Silver miners Pan American Silver Corp. (PAAS) and Hecla Mining Company (HL) matched bearish results overnight, missing fourth quarter estimates while reporting major year-over-year revenue declines. The sobering results highlight a tough period for silver futures, which fell more than 9% in 2018. However, the technical outlook for this lesser known precious metal is brightening, with 2019 likely to book much stronger returns for speculators, hedgers and mainstream investors.
Although gold and silver occupy similar investment spaces, performance in the two instruments can diverge sharply over long periods. While gold is used primarily for speculation and hedging, silver has many industrial uses, similar to copper and palladium, often trading strictly on supply and demand. However, gold and silver can also move in lockstep for months or years at a time, especially during periods of active central bank intervention.
The iShares Silver Trust ETF (SLV) bottomed out at $8.45 after the 2008 economic collapse and turned sharply higher, breaking out to a new high in 2010. The uptrend escalated into a full-blown parabola before topping out in 2011 in the upper $40s, which marks the peak of the 1981 Hunt Brothers cartel on the continuous futures chart. The silver ETF broke down from a descending triangletop in 2013, entering a brutal downtrend that hit a six-year low at $13.04 in December 2015.
A strong bounce stalled near $20 in August 2016, giving way to a slow-motion decline that tested 2015 support in the fourth quarter of 2018. The subsequent upturn has now mounted the 200-day exponential moving average (EMA), which has ended recovery attempts since the 2016 presidential election. Given this price structure, a breakout above the red trendline of lower highs would signal the next stage in a double bottom reversal and uptrend that could reach the 2016 high.
Pan American Silver Corp. holds the second highest capitalization among the silver miners and is trading marginally lower after last night’s earnings report. It posted an all-time low at $2.41 in 2001 and took off in a powerful trend advance that reached an all-time high at $44.10 in 2008. The stock fell nearly 80 points during the economic collapse before turning higher, stalling within two points of the 2008 peak in 2011.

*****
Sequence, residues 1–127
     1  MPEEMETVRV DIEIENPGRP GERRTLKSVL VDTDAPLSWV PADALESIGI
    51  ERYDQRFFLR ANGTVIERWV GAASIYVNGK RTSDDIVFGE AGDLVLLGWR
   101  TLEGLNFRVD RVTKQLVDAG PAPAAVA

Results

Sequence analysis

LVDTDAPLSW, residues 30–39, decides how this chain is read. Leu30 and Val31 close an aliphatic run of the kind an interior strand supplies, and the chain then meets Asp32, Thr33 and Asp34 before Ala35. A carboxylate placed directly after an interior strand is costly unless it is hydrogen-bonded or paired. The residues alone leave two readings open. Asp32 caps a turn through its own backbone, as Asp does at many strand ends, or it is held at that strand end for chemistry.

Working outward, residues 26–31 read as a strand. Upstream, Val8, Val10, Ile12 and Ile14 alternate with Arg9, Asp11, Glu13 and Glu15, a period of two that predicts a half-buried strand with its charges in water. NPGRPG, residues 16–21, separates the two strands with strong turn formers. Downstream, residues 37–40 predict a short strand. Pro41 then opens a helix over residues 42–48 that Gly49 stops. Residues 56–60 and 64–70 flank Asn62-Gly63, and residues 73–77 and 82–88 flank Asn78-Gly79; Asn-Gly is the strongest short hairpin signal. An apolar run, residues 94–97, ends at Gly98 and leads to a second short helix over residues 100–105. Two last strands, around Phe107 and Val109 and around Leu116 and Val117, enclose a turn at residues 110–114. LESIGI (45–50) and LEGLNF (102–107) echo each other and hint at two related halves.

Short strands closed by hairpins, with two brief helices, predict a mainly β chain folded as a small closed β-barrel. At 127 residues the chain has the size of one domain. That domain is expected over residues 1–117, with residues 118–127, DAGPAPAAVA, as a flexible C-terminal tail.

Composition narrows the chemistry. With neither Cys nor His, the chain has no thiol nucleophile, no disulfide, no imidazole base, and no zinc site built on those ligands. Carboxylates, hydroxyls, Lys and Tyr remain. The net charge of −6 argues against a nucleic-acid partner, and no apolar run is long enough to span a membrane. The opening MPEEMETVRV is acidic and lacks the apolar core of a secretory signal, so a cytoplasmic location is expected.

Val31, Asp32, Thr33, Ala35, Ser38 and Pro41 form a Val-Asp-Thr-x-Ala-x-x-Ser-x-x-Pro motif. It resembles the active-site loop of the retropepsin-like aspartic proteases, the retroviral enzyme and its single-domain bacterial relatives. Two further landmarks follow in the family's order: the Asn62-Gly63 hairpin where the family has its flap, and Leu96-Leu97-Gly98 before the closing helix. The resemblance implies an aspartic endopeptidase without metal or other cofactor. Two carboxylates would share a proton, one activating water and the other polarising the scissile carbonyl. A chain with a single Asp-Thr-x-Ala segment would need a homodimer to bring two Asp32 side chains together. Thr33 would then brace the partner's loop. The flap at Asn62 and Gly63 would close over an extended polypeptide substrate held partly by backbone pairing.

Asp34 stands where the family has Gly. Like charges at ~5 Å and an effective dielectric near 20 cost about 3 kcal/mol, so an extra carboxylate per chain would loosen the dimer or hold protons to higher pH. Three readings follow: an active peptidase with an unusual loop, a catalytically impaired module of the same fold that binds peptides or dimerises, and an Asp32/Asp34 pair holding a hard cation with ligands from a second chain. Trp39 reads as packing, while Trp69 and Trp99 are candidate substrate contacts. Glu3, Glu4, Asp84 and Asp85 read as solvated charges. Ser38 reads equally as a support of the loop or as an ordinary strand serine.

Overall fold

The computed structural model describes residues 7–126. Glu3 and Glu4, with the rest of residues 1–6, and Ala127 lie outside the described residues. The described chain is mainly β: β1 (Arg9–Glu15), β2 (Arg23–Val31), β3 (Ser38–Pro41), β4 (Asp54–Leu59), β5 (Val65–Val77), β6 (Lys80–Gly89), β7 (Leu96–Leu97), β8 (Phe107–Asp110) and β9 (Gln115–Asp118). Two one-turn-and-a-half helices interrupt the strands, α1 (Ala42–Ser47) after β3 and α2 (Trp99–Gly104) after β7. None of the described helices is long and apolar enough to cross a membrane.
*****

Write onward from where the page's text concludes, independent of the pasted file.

The miner broke down from a double top in 2015 and bottomed out at a 14-year low about six months later, while the subsequent bounce posted a four-year high at $21.59 in August 2016. A shallow but persistent decline into the fourth quarter of 2018 broke two-year support near $14, while the bounce into February 2019 has been testing new resistance. Pan American Silver stock is trading at the breakdown level after the opening bell and needs to mount the October high at $15.74 to establish a new buy signal.
Hecla Mining Company holds the sector’s third highest capitalization. It bottomed out at the same time as its rival in 2001 and posted a 12-year high at $13.14 in 2008. The stock dropped to 99 cents during the market crash and recovered at an equally ferocious pace, stalling within two points of the 2008 high in 2011. The subsequent decline lasted for five years before finding support in January 2016 just 46 cents above the 2008 low.
The subsequent uptick stalled at the 2012 swing high near $7.00 in November 2016, ahead of another persistent decline that ended or paused at $2.17 in November 2018. It has mounted a red trendline of lower highs since that time, setting off a buying signal that hasn’t produced much upside. The stock has reversed at 50-week EMA resistance after last night’s report, advising sidelined players to keep their powder dry until a rally spike lifts above $3.07.
The Bottom Line
Silver has turned higher since the fourth quarter of 2018 and could enter an uptrend in the coming months. Beaten-down silver miners stand to benefit if that happens, with the potential to lift off multi-year lows.
Disclosure: The author held no positions in the aforementioned securities at the time of publication.
The iShares Silver Trust (SLV) was trading at $14.94 per share on Friday morning, up $0.11 (+0.74%). Year-to-date, SLV has declined -6.57%, versus a 5.01% rise in the benchmark S&P 500 index during the same period.
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